Friday, April 15, 2016

Perspective Through Film: The ACM Student Film Festival and Conference

It has been a while since my last blog post.  During that time, I have been traveling to member campuses meeting with faculty and staff, while simultaneously participating in the creation of a professional development course surrounding the economics of higher education at small liberal arts colleges.  However, one activity I really want to highlight is the first annual ACM Student Film Conference and Festival.  While you can find more detailed information and links to the winning presentations here, there are some personal impressions I would like to convey.
  • Student Engagement – During the reception on Friday evening, students, faculty, and judges were encouraged to have informal conversations that would help set the tone for the rest of the festival.  I was able to meet students from St. Olaf, Grinnell, Colorado, Macalester, and Lawrence just to name a few.  I learned about what motivated them to make films, their different approaches and their passion for the medium.  At dinner, I sat with students from Macalester and Colorado and discussed the important role technology plays in storytelling.
  • Faculty Engagement – Also during the reception, faculty were busy interacting with students and judges.  They provided tours of the Hurvis Center and other facilities at Lawrence, connected groups and made introductions.  Facilitating these informal conversations and making sure that everyone had an opportunity to engage was a large part of what made the conference successful.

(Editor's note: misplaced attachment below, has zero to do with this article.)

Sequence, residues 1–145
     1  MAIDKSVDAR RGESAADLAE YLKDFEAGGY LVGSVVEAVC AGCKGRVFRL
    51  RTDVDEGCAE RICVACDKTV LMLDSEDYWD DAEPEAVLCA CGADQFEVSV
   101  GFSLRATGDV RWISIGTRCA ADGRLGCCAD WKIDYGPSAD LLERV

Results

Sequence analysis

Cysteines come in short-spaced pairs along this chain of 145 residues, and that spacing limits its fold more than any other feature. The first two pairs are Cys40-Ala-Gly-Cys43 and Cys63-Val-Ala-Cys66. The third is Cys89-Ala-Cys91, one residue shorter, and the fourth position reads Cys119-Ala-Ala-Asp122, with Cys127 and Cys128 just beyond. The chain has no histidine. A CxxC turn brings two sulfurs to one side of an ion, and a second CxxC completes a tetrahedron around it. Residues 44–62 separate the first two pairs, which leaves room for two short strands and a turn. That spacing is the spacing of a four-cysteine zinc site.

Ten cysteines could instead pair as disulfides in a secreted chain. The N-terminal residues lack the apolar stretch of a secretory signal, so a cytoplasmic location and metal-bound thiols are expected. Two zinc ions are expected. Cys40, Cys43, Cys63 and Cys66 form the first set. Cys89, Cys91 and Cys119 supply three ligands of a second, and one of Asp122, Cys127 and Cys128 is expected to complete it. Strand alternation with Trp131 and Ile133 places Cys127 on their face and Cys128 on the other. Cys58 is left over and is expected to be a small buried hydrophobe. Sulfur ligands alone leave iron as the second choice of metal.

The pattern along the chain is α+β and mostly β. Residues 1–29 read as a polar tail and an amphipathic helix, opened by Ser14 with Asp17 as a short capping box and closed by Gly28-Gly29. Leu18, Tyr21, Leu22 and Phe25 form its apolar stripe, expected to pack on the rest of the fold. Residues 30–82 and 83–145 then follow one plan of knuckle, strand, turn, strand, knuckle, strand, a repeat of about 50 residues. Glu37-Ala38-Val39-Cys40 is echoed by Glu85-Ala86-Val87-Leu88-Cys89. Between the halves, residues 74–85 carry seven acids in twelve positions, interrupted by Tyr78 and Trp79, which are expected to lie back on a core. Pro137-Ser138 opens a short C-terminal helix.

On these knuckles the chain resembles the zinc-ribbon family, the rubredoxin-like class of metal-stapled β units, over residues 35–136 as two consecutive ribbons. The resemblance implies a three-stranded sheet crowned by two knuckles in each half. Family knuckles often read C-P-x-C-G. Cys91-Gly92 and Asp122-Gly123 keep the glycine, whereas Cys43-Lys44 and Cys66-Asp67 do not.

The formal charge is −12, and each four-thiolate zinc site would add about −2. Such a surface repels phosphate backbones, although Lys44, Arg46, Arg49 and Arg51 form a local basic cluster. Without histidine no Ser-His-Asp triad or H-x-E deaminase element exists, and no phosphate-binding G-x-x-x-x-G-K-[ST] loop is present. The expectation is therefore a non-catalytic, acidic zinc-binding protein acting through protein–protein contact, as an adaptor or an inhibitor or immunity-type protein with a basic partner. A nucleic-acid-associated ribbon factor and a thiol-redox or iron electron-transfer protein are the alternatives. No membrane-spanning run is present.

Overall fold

• The Judges – I cannot say enough about how approachable, honest, and personable the judges were while attending the festival.  Whether talking to the faculty members, students or me, they took the time to listen and engage on a very personal level.  During the panel after dinner, they answered pointed questions honestly about the power structure in Hollywood, what it takes to be successful, and where to begin the journey.  They did not shy away from tough questions or attempt to downplay the realities of the industry.
  • Diversity – Although I truly enjoyed the reception and dinner, my favorite part was the next morning, when I was able to view two screenings of student work.  I was in awe and amazed at not only the quality but the diversity of student projects.  The level of storytelling and emotion was captivating and impressive.  Whether irreverent and comical or serious and haunting, the students told stories that impacted you on a personal level.  Several told the story of an individual or family member in a way that truly made you feel connected to the individual. 


I have always enjoyed the film and believe the use of feature film or documentary clips can have a tremendous impact in the classroom.  However, after attending the festival, I have a renewed appreciation for the art of storytelling through film.  Capturing not only the emotion of those on the screen but also, that of the director behind the lens is an art that can draw the viewer into another persons’ world, bringing context and perspective.  I look forward to the subsequent years of the festival, and I hope to be allowed to attend and continue many of these conversations.

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